The employee tried to rely on an EEOC enforcement guidance that defined a medical exam as being job-related and consistent with business necessity “when an employer has a reasonable belief, based on objective evidence, that (1) an employee’s ability to perform essential job functions will be impaired by a medical condition; or (2) an employee will pose a direct threat due to a medical condition.” The court focused primarily on that “objective evidence” requirement. Here, Coca-Cola had the manager’s account of the employee’s conduct, it knew he had refused to talk to the HR manager and psychiatrist, and it had the psychologist’s observations and recommendations. Therefore, it had sufficient objective evidence that the employee had a potentially dangerous mental condition.

No need to prove “direct threat.” That was enough, said the court, rejecting the argument that Coca-Cola also needed evidence that he was a direct threat, a term defined by the ADA as a “significant risk to the health or safety of others that cannot be eliminated by reasonable accommodation.” The enforcement guidance says a direct threat is required only if the employer does not have objective evidence, stressed the court – and here it determined Coca-Cola had that objective evidence.

Cultural dissonance? I’m not second-guessing the 11th Circuit. But what struck me was the court’s repeated reliance on the fact that the employee refused to talk to HR, refused to talk to the psychiatrist, and was regarded as delusional by the psychologist. In fact, what came to mind was the 1997 book by Anne Fadiman, The Spirit Catches You and You Fall Down, which tells the tragic story of the breathtaking cultural dissonance between a Hmong child with epilepsy and her family, and the American medical and sociological professionals who attempted to treat her. The book is dominated by the miscommunication, mistrust, and misunderstanding that flowed from each culture’s misperception of the other.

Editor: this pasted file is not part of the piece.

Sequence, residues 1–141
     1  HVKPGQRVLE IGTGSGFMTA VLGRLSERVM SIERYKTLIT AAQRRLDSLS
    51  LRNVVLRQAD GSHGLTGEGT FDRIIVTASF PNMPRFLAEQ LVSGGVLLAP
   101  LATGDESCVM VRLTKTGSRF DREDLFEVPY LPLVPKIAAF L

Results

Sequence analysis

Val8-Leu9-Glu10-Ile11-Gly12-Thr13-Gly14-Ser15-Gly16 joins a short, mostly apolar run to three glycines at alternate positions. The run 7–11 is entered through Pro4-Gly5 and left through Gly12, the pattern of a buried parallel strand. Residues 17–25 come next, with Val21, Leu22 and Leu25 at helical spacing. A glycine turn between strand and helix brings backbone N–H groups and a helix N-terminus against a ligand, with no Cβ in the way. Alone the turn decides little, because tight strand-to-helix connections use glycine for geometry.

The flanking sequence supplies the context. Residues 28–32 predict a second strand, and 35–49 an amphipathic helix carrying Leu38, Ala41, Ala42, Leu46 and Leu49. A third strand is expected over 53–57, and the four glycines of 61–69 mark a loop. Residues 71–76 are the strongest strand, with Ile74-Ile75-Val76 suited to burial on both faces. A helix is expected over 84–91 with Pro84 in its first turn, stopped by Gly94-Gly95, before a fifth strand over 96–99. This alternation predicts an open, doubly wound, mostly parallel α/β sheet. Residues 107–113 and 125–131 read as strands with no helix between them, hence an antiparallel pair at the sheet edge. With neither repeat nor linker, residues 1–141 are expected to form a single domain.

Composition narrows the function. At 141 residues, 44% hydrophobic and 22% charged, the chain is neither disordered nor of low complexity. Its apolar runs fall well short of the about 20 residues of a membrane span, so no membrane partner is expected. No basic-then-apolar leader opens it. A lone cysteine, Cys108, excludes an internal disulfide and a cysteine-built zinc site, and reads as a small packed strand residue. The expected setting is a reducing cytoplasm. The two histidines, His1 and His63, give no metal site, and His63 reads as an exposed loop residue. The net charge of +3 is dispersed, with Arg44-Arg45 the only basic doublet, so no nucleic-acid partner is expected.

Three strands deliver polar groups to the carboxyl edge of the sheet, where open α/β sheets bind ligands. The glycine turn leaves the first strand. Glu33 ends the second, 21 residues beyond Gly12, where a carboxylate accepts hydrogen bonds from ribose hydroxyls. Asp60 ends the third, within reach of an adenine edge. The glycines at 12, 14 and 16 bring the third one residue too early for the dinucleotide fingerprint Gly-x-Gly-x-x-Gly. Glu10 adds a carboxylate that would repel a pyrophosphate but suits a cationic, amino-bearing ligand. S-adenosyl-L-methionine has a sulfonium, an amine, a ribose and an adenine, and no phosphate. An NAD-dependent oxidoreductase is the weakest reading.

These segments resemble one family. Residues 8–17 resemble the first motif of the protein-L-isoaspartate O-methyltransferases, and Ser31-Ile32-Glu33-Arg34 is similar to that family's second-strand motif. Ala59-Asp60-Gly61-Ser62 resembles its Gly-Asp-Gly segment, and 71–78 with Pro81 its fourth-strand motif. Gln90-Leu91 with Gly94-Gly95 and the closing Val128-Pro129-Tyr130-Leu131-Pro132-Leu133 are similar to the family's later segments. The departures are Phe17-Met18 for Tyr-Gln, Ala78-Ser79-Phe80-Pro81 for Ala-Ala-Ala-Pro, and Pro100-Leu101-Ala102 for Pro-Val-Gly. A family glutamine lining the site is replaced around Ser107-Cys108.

So, I Googled “Ghana business culture.” “Silence is a common way of responding to a question that can’t be answered without causing discomfort or causing a loss of face,” I read. “Silence is a common means of communication.” “They will say nothing rather than make the other person uncomfortable,” stated another site. Over and over I saw references to the importance of not losing face, and the response to a perceived loss of face being “the silence that will fill the room.” Still other websites spoke of Ghanaians’ propensity to communicate indirectly; to speak in “proverbs” or “analogies.”

Viewed through a different cultural lens, perhaps the employee’s alleged statement that “someone is going to pay” was a mere analogy. Perhaps the employee’s refusal to discuss the incident would be more understandable if viewed as his attempt to preserve what must have been a significant “loss of face.”  Perhaps the psychologist and psychiatrist did take into account the employee’s cultural orientation. It may be that the case will be cited for what constitutes objective evidence that an employee has a potentially dangerous mental condition. What I’ll wonder is what might have happened if Coca Cola, a company that deservedly prides itself on its commitment to diversity, had found somebody else from Ghana to talk to this guy.